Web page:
In 2018, record high temperatures and unusually prolonged hot weather were experienced in many parts of the world. These include Europe, Asia, North America and northern Africa where strong high-pressure systems created a “heat dome”. One concern is that climate change could “block” hot and cold weather fronts, leading to more extreme weather events.

China and the USA together account for more than 60% of global emissions. However, President Donald Trump is taking the USA out of Paris, saying that he wants a new “fair” deal that doesn’t disadvantage US businesses and workers.

Hot city life

Meanwhile, faster growing cities are most at risk in Africa and Asia, including megacities such as Lagos in Nigeria and Kinshasa in the Democratic Republic of Congo. Circa 84 of the world’s 100 fastest growing cities face “extreme” risks from rising temperatures and extreme weather linked to climate change.

At the same time, the extent of Arctic sea ice has dropped in recent years, according to Parliament’s Environmental Audit Committee, which adds that the Arctic Ocean may be ice free in summer by the 2050s. The World Meteorological Organization (WMO) found that the extent of Arctic sea ice in 2018 was much lower than normal.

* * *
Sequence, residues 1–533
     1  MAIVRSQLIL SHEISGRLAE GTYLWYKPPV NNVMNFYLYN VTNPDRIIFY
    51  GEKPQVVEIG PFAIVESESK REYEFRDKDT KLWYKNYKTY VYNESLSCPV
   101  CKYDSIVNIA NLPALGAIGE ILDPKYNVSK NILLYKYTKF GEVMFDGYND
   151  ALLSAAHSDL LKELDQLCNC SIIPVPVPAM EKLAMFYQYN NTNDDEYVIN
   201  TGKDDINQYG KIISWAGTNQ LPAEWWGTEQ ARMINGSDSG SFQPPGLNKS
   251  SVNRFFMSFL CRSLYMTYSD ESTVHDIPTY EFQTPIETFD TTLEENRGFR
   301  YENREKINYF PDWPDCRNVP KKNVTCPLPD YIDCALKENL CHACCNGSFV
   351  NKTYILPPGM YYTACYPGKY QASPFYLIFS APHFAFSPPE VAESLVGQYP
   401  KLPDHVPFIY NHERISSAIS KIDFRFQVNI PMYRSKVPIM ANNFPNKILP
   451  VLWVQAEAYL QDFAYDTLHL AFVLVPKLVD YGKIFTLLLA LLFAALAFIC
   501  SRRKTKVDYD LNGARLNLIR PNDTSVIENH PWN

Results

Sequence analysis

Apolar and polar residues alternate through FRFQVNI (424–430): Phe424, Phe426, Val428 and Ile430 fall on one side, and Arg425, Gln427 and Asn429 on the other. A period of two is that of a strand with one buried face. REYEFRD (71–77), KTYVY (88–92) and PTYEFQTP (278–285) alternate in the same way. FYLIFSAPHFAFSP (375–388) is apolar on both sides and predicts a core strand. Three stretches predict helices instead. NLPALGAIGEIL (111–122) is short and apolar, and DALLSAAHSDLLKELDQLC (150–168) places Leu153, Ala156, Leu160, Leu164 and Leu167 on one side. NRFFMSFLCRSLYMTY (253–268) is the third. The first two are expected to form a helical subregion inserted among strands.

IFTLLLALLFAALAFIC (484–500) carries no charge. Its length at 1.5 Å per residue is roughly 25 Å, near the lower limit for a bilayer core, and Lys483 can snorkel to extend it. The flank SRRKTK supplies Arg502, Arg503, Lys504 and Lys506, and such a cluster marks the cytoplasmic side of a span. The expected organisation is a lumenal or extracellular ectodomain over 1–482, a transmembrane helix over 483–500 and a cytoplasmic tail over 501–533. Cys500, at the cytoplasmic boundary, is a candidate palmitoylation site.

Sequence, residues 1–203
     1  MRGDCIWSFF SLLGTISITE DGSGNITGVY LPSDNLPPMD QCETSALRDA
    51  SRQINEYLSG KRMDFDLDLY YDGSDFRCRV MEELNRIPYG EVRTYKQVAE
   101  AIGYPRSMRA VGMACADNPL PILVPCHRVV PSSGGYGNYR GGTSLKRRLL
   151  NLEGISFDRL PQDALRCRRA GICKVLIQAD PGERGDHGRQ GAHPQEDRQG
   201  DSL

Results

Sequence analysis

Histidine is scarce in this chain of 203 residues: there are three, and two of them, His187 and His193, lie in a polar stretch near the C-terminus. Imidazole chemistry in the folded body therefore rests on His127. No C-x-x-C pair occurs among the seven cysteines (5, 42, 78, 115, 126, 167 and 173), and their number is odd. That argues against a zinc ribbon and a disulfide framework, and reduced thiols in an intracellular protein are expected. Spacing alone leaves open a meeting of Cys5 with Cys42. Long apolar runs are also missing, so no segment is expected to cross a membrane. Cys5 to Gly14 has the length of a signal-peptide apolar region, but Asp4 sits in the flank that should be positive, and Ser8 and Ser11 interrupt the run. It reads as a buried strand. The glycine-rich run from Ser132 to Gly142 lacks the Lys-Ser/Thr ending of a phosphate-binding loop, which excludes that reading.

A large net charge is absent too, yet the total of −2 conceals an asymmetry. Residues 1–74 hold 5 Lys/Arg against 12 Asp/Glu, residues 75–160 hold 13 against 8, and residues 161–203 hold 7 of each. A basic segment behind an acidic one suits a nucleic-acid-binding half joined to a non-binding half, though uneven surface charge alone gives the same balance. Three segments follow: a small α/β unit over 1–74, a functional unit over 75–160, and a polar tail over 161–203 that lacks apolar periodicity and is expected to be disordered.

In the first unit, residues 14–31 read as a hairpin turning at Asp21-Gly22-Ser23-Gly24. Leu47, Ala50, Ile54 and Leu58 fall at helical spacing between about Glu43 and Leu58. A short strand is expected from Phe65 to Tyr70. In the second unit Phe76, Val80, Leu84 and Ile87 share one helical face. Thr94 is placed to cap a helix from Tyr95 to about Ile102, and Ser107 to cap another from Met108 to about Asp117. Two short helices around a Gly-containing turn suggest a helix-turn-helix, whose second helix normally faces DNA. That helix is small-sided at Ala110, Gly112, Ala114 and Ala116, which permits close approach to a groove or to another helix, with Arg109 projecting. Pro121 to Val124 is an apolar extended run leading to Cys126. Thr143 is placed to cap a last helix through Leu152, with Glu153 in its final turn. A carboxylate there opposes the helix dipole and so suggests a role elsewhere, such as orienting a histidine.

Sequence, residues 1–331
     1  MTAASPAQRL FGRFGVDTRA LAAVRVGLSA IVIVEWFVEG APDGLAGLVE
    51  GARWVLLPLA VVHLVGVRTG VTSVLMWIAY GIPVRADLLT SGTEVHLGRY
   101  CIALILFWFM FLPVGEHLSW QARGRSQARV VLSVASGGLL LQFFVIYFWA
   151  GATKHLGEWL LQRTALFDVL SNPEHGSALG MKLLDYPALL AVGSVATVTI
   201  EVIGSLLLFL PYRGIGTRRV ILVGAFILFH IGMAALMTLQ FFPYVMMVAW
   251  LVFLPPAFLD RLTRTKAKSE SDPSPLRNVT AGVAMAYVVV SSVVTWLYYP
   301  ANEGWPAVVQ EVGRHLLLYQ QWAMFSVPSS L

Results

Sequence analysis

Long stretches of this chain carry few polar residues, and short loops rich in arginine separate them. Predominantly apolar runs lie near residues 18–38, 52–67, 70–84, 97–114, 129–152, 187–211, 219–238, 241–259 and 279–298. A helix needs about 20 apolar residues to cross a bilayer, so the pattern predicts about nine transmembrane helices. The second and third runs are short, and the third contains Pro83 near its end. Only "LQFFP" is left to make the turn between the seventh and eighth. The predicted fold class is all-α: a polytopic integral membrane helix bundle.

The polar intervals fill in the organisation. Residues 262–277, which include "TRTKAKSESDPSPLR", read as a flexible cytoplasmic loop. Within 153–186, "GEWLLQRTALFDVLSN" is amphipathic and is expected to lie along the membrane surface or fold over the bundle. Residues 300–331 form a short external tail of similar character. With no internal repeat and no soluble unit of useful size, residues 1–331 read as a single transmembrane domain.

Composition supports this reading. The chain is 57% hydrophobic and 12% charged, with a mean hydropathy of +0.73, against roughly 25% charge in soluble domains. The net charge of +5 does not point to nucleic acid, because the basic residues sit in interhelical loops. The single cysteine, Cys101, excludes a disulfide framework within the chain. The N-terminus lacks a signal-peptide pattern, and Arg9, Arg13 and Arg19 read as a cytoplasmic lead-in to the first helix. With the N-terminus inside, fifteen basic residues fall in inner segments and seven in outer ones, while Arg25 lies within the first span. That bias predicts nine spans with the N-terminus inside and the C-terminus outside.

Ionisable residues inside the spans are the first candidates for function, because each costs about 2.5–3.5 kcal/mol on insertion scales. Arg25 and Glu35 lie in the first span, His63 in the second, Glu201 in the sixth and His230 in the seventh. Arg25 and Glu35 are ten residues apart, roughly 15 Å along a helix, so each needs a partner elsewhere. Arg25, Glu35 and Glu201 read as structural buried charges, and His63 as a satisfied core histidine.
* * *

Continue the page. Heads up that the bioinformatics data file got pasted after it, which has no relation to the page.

This ties in with the IPCC finding that as individuals we all need to buy less meat, milk, cheese and butter; eat more locally sourced seasonal food; throw less food away; drive electric cars; walk or cycle short distances; take trains and buses instead of planes; use videoconferencing instead of business travel and washing lines rather than tumble driers; insulate homes and demand low-carbon in all consumer products.

World-first carbon “net-zero” hub

The UK’s world-first carbon “net-zero” hub of heavy industry will be a step change. At present, industry accounts for around 25% of all UK GHG emissions; more than two-thirds come from energy intensive industries often located next to each other in clusters such as at Grangemouth, South Wales, Merseyside, Teesside, Humberside and Southampton.